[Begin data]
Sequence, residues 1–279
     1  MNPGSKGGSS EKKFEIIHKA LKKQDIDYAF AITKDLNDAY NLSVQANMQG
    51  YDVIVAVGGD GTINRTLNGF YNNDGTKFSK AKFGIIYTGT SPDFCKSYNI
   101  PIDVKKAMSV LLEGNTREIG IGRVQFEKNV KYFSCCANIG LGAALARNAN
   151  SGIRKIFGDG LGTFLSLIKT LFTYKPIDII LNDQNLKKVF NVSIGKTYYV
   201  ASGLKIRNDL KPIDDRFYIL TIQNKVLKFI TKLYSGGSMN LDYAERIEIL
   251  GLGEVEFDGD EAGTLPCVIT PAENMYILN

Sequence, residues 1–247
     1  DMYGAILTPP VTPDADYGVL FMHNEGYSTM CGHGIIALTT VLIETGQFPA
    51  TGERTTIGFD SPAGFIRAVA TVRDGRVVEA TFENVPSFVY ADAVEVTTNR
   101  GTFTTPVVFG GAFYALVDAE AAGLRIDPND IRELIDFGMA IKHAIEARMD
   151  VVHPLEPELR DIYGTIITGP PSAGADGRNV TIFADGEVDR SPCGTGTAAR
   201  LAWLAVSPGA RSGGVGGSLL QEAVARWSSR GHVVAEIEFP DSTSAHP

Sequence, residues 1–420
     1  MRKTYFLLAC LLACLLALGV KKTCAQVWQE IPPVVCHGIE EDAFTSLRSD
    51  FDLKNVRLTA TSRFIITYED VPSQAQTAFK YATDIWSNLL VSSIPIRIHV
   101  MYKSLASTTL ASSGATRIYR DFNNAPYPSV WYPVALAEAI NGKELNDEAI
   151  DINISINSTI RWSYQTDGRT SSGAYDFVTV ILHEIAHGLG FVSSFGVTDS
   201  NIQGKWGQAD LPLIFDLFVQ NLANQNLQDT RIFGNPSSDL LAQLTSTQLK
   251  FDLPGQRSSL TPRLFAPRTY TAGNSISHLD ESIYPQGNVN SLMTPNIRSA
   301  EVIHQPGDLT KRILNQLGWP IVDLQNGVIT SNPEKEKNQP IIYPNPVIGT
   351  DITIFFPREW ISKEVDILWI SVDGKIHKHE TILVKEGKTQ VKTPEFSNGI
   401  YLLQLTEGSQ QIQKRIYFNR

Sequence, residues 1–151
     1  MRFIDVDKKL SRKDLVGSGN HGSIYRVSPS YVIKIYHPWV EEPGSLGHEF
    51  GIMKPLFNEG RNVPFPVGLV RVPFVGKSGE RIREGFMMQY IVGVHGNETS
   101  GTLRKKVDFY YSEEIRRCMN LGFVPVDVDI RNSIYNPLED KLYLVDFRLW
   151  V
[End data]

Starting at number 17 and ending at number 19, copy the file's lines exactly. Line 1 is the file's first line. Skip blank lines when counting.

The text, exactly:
   101  MYKSLASTTL ASSGATRIYR DFNNAPYPSV WYPVALAEAI NGKELNDEAI
   151  DINISINSTI RWSYQTDGRT SSGAYDFVTV ILHEIAHGLG FVSSFGVTDS
   201  NIQGKWGQAD LPLIFDLFVQ NLANQNLQDT RIFGNPSSDL LAQLTSTQLK